You don’t often think about how early 5am is — especially when you’re a night owl like I am. It seemed to come in with a whimper, though — The lights were already on, and some nurses seemed to think that a full on conversation loud enough to hear across the room was perfectly acceptable at 4am. There are plenty of jokes to make about hospital food, but let’s just say this is the first main reason to not stay in a hospital. At least any longer than necessary.

The second seems obvious — the hospital clothing. I get that hospital clothes should be easy to put on (or remove) and basically one size — and frankly I think the system they have at Thai hospitals is pretty decent. It’s a shirt that ties in the front and a sarong like piece that wraps around your waist and can be held in place with a couple of small rolls (or a couple of clothespins — bring a couple of those if you have to go to a Thai hospital.) Despite multiple nurses insisting on my removing my boxers, I balked — until you’re taking me to surgery, there’s no need to have my genitals exposed to the world. While I couldn’t quantify it for sure, anytime someone was sitting instead of laying down, the men needed to… adjust themselves to ensure they weren’t sticking out…

Laura arrived with the sort of things you need when staying at a hospital — electronic devices, chargers, books, and so on. You’d be amazed how much of a charge you can go through on an iPhone and a matter of hours… I also quickly became aware of why virtually every person had someone being serving as a handler — nurses are there to give medication, check blood pressure, and as little else as necessary, it seemed. Security, it seemed was nonexistent — assistants were allowed to stay in the ward overnight, some opting to lay a mat down the floor below the hospital bed (!!) With others thing to lay down in our room outside the ward. There was room or perhaps 100 people, but it basically looks like a refugee zone.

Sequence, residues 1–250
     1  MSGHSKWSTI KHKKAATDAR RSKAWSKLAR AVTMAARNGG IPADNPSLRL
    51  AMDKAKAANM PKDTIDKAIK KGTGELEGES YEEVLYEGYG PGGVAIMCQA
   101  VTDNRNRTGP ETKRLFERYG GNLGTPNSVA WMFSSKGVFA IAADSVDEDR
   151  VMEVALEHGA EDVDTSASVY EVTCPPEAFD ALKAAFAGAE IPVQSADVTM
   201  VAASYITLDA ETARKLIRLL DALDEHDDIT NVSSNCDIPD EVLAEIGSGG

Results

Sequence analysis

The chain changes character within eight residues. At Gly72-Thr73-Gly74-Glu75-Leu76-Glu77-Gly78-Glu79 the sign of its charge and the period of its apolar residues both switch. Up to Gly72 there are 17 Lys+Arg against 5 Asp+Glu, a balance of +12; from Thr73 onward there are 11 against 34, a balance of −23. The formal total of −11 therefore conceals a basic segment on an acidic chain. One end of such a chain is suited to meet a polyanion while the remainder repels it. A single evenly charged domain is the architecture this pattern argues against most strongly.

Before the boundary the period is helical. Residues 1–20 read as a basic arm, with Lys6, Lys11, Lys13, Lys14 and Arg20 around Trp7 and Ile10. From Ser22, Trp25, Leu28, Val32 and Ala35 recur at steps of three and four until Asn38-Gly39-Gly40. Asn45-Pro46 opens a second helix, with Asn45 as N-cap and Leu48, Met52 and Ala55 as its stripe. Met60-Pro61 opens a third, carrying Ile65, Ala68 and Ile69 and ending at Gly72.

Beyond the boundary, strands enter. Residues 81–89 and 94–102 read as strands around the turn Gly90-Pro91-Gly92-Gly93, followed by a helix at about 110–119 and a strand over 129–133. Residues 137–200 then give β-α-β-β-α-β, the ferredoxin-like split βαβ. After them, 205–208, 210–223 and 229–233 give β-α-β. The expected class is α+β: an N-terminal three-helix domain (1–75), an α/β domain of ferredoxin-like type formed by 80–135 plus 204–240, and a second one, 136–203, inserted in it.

Nurses come by to do a blood pressure check every so often, and inevitably my IV needs some checking. Trying to do any kind of movement seems to jostle it, which includes playing with my iPad. What little bit of talking with the doctor came in the ward, with a surgery scheduled for Friday. Apparently, my case fairly takes a lower priority than an emergency or infected case. Quite amazingly, two bones were broken, yet the skin was completely intact and there was feeling in my hand, no other damage done…

Since one arm is basically out of commission and the other arm is tied up (quite literally — the IV makes it difficult to have much motion), there isn’t a whole lot I can do. I’ll settle for playing with the iPad, but it’s difficult to do much else. As a blogger, I hang my head a bit in retrospect — I have no notes, despite having a lot of things to note.

No surgery today, though — Friday is a possibility, the nurses say. I resigned myself to being around for a bit longer than expected.